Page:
To date, molecular analyses of soft ticks focused on the 16S rRNA gene, which has the potential for resolving phylogenetic relationships among closely related species in Argasidae [6]. In addition to this gene, the 5’ region of the mitochondrial cytochrome c oxidase subunit 1 (cox1) gene was chosen for phylogenetic analysis of A. vespertilionis in the present study, because it is regarded as the standard marker for tick species identification by DNA barcoding [11], and is particularly suitable to track separation among soft tick species [12]. Since there are few soft tick cox1 reference sequences in GenBank, a South African isolate of A. transgariepinus and a neotropical isolate of an Ornithodoros sp. were also included in the cox1 phylogenetic analysis. The nomenclature used in the manuscript complies with the valid tick names listed by Guglielmone et al. [8], who follow Hoogstraal in his classification of the Argasidae, although that classification, including the re-assignment of Carios as a subgenus of Argas, has never been supported by any analysis using actual data.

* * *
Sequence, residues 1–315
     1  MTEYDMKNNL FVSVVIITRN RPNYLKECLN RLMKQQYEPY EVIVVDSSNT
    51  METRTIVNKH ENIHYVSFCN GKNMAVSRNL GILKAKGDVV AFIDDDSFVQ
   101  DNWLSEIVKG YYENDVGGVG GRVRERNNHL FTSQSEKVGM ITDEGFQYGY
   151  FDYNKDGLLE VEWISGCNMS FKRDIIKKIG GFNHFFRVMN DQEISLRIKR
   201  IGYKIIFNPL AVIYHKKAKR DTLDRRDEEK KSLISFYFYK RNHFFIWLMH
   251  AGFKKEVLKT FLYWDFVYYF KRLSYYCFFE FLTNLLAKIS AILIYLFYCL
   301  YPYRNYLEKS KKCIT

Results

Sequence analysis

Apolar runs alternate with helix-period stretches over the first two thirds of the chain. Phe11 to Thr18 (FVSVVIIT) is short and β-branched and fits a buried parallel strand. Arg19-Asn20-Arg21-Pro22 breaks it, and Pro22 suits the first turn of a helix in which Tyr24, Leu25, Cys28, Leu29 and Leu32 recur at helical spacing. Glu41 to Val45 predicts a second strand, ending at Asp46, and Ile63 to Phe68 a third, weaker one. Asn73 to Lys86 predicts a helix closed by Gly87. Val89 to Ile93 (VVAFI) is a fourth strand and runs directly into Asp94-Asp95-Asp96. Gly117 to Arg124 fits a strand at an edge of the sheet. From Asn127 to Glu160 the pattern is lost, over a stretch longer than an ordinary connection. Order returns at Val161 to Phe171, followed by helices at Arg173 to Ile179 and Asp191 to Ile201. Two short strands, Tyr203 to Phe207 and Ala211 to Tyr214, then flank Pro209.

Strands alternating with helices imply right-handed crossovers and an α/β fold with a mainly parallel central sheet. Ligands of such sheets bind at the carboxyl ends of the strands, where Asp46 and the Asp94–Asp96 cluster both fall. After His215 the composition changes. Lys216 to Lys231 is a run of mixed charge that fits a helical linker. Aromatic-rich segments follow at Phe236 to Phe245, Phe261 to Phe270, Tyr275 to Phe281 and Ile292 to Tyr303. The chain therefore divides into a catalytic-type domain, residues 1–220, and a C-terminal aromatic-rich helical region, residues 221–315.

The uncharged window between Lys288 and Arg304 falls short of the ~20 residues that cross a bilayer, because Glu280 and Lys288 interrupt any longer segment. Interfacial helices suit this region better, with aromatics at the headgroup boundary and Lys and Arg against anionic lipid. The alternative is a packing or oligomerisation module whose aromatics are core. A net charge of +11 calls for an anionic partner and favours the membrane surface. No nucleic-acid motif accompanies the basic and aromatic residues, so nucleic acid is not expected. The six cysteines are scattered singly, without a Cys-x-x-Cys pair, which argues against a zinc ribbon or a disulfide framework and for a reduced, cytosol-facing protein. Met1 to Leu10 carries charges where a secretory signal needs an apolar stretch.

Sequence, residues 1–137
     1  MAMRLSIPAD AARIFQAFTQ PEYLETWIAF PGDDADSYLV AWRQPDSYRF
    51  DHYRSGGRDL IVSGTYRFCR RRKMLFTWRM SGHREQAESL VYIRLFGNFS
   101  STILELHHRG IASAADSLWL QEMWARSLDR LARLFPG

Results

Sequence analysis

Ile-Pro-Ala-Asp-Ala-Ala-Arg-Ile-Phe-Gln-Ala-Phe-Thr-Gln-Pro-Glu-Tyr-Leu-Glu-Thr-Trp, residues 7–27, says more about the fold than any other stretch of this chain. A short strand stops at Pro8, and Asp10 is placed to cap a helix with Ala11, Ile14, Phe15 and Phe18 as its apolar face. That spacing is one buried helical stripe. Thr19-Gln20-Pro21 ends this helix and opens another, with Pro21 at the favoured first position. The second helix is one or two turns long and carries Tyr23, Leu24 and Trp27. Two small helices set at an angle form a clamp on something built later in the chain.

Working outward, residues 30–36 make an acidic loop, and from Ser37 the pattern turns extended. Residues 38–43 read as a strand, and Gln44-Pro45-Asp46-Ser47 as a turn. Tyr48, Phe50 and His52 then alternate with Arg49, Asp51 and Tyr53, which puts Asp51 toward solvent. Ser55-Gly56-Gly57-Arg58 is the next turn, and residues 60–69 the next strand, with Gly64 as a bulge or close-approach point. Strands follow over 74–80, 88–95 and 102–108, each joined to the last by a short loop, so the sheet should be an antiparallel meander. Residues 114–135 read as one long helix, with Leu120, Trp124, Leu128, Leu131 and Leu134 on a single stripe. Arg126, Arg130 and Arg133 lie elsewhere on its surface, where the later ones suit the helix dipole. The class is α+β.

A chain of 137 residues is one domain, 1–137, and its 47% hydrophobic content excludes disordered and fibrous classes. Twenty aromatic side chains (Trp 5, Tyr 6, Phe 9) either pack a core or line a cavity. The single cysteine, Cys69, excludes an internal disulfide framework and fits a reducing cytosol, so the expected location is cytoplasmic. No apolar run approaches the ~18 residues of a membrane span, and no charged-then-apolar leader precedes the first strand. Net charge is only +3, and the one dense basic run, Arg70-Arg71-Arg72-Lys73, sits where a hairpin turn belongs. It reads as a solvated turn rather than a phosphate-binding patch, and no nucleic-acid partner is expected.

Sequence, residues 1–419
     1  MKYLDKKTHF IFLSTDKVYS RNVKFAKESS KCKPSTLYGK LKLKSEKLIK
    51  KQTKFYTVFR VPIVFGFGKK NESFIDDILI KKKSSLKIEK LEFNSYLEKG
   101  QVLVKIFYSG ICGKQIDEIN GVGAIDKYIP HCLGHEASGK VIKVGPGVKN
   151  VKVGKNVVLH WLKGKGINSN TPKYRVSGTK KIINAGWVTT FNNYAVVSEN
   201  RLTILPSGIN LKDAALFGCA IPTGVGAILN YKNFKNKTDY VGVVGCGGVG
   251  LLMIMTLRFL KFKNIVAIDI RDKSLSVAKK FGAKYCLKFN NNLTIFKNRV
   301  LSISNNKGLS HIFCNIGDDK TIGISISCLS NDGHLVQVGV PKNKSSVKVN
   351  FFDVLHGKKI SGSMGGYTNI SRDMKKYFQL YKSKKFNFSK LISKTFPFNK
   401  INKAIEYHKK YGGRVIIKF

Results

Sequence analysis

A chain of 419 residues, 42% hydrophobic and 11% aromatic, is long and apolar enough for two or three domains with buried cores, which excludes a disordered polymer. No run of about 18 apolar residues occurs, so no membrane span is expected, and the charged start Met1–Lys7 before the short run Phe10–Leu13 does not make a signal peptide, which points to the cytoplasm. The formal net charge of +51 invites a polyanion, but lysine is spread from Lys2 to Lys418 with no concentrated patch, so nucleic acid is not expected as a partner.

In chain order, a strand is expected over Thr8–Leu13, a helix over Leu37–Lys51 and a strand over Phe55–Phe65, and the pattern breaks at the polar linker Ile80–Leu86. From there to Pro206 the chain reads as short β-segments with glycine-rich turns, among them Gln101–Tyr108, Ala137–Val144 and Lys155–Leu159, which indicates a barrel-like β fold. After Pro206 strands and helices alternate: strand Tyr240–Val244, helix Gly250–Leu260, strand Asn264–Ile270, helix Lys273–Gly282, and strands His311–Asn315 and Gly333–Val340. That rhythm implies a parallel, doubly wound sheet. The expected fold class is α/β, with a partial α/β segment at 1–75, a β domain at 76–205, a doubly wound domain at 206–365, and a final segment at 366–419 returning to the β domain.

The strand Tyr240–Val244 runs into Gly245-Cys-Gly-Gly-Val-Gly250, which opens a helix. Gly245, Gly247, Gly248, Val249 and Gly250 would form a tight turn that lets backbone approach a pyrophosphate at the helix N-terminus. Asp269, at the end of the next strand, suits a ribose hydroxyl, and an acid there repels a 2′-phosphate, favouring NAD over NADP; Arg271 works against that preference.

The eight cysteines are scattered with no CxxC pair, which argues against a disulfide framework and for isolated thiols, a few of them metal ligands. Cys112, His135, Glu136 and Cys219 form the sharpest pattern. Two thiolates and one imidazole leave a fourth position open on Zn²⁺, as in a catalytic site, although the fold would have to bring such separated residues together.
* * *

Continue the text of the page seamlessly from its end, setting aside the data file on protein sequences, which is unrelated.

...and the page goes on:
Methods

Sample collection and morphological analyses

Soft ticks were collected from bats captured for ringing and monitoring purposes (Table 1). All ticks were stored in 70% ethanol. Morphological identification was based on the description of A. vespertilionis and A. transgariepinus larvae by Hoogstraal [7, 13], and of Ornithodoros larvae (on the genus level) according to Barros-Battesti et al. [14], and Jones & Clifford [15]. Structures of representative specimens from each country (A. vespertilionis: eight larvae from Vietnam, three larvae from Italy, four larvae from Romania; except A. vespertilionis from Kenya, which was damaged) were measured under a Jenaval light microscope (Carl Zeiss GmbH, Jena, Germany) after clearance with lactic acid. The means of these data sets were compared by using two-tailed Student’s t-test, and were considered significantly different if P < 0.05.
Table 1